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Last Updated on June 19, 2019, by eNotes Editorial. Word Count: 205

The eighteen stories contained in this text are narrated by a girl named Christine, the youngest child of her family. Christine observes her family, especially her mother and father and her older sisters, Agnes and Alicia, though she does not always completely understand what they are feeling since she is so young when the book begins. She is very innocent and approaches life with wonder, and she experiences a lot at a young age. Her mother seems to feel a deep-seated lack of fulfillment with her life; though she would never trade her family, she longs to travel and see more of the country. Her father, who works for the government to settle immigrant groups that arrive in Canada, often seems to be depressed, and the narrator is always sort of attempting to understand him and see the person and the love inside him. The complex feelings of both the child, Christine, as well as her parents are represented so honestly and in such a nuanced and poignant way that the reader seems to relate to them all. As Christine grows up, through the stories, we see her developing her own identity as a budding writer as well as navigating the challenges of family life.

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Summary

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Last Updated on May 5, 2015, by eNotes Editorial. Word Count: 434

Street of Riches is a semiautobiographical work, evoking childhood memories and experiences through a veil of fiction. The original title, which refers to Deschambault Street in Saint-Boniface, Roy’s birthplace, serves to anchor the eighteen stories forming the work in a psychological topography traveled from early childhood to adolescence by the main character, Christine, whose narrative focus is continued in The Road Past Altamont.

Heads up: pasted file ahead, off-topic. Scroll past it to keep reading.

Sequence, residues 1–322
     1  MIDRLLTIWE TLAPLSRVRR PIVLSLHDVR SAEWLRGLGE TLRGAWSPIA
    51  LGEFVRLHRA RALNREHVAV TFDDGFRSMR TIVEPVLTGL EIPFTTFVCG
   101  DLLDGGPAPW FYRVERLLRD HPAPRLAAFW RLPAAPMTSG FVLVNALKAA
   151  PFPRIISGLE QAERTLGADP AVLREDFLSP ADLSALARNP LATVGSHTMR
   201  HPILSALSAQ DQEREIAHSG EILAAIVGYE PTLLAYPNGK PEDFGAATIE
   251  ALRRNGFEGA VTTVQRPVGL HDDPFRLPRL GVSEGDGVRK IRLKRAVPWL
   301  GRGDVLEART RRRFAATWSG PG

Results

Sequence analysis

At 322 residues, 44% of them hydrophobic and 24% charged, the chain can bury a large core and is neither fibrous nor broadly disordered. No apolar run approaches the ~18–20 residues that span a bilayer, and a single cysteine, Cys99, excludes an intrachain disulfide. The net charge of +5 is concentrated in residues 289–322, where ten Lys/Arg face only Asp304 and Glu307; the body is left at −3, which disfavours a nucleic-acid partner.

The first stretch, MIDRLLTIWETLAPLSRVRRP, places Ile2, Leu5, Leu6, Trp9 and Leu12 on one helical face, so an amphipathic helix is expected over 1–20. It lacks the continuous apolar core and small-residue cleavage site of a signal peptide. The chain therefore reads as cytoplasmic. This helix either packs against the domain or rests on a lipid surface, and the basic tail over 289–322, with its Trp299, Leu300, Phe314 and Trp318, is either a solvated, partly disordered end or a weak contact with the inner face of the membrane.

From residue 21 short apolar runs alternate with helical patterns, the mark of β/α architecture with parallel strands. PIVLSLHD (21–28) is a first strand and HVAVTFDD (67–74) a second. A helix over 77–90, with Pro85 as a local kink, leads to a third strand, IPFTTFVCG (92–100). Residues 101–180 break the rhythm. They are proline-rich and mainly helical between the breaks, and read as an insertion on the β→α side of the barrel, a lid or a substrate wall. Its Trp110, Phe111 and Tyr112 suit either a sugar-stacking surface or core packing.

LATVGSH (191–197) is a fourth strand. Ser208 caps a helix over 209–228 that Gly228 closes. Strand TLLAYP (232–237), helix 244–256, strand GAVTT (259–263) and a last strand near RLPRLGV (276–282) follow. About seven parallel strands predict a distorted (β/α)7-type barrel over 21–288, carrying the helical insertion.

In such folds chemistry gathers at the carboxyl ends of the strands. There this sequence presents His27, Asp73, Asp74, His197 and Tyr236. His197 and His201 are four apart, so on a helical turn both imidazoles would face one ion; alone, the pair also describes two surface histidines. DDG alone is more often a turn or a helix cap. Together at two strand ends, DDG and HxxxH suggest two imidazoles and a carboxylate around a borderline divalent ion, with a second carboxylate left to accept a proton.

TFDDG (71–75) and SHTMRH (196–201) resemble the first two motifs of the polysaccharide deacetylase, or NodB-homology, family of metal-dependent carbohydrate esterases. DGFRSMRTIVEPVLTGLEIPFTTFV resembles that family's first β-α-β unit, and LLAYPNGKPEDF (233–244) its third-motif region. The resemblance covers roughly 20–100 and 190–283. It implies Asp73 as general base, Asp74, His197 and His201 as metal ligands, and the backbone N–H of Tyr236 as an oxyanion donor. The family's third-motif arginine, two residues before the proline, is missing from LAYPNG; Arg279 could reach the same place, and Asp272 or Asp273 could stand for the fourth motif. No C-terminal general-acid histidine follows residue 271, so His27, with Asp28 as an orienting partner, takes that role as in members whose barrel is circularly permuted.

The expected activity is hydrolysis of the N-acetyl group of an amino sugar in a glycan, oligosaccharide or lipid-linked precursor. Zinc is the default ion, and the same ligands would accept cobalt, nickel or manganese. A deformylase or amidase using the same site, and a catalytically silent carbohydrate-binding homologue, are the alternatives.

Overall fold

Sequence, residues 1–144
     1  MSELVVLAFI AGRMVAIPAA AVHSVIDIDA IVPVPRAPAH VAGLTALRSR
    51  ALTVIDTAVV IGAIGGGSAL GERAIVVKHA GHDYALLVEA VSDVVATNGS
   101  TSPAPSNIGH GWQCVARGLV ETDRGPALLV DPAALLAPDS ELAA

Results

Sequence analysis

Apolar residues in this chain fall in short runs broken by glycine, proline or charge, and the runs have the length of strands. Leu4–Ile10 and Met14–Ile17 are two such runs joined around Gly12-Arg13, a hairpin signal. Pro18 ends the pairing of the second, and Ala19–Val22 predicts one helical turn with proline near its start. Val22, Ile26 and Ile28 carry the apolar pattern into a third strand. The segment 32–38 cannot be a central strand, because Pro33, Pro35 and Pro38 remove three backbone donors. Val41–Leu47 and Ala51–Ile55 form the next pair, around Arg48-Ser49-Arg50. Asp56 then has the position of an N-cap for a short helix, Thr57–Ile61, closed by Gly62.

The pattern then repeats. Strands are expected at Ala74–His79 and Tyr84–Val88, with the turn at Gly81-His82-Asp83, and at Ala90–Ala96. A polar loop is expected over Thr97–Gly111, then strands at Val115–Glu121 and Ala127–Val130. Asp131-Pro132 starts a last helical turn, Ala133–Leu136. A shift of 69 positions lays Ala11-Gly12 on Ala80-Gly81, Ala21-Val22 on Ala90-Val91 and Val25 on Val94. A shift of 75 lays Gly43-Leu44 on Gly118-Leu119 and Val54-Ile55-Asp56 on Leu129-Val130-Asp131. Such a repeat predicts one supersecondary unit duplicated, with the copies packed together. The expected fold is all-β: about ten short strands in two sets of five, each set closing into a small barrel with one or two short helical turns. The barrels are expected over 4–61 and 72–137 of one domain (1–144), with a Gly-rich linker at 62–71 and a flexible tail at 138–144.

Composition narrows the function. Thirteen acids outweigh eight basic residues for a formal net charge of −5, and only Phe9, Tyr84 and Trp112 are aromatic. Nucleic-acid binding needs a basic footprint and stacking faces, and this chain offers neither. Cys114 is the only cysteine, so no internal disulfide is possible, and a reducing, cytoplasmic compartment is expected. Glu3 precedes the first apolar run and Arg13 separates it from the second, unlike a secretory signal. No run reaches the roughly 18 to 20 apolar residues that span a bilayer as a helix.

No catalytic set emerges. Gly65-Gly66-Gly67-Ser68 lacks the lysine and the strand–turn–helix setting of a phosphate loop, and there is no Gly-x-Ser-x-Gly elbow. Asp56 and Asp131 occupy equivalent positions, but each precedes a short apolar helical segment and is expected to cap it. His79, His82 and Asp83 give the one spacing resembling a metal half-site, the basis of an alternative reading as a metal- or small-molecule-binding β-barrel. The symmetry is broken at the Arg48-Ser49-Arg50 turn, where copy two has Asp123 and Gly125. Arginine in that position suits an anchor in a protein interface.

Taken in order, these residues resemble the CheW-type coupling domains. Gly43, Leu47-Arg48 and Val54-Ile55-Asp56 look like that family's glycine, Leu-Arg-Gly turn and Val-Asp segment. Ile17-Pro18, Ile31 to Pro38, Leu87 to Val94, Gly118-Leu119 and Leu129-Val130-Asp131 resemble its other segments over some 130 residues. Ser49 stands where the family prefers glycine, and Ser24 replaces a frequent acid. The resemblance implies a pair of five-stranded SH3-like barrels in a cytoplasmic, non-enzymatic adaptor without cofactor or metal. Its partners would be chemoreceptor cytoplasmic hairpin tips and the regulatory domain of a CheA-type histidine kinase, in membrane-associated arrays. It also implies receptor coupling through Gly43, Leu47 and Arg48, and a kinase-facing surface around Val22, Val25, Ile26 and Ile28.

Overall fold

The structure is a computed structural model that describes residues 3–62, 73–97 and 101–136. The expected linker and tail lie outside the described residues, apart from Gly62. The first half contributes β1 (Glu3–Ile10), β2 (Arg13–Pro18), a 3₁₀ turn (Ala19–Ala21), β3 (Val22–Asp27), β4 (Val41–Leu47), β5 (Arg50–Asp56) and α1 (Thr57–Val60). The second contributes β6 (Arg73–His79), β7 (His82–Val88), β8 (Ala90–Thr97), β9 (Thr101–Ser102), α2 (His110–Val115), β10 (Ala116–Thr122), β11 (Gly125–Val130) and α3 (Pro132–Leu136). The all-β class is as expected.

For Roy, childhood is undeniably a magical time, filled with curiosity, discovery, hope, and nurturing. It is also the period to which adults return, following the cycle of life, which Christine herself comes to experience. It represents potential, growth, and learning, all of which define in later years the sensibilities and values of Roy’s adult protagonist. The use of the first-person narrative reinforces the quest for truth and knowledge. “Know thyself”: This is indeed what the young Christine attempts through interactions with her own inner being, with family members, as well as other individuals who loom large in her life.

In such pieces as “Petite Misère” (“Little Miss Misery”), “Mon Chapeau rose” (“My Pink Hat”), “Ma Coqueluche” (“My Whooping Cough”), and “Il s’en va gagner notre vie” (“To Earn My Living”) Christine poignantly retraces her personal development from the extremely sensitive little girl, who, nicknamed “Little Miss Misery” by her father, flees to the attic to escape this brutal name, to the young woman, heedful of the call to write, but who begins a teaching career to support herself and her mother. The wide-eyed curiosity that characterizes Christine’s perception is a constant in this work. Roy captures admirably well and with a realism that astounds the reader the reactions, words, and inner thoughts of this delightful character.

“Les Bijoux” (“The Jewels”) reinforces the search for identity associated with the evolution of the young girl to the mature woman. Aged fifteen in this story, Christine succumbs to the dazzling attraction of costume jewelry and other “adult” accoutrements (as Florentine does in The Tin Flute) before realizing the artificial nature of such decorations. Shedding this role, Christine contemplates leaving for Africa to nurse the lepers. Her values and personality are in metamorphosis, her identity not yet formed, but through her evolution Christine is unwavering in her apprenticeship of life, a process that affects her in permanent ways to be communicated in The Road Past Altamont. Despite the economic hardships evoked in Street of Riches, Christine and her family do enjoy, indeed, the richness of imagination, the closeness of family life, and a present that will be forever active in the creative process of the mature Christine, the writer.

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Themes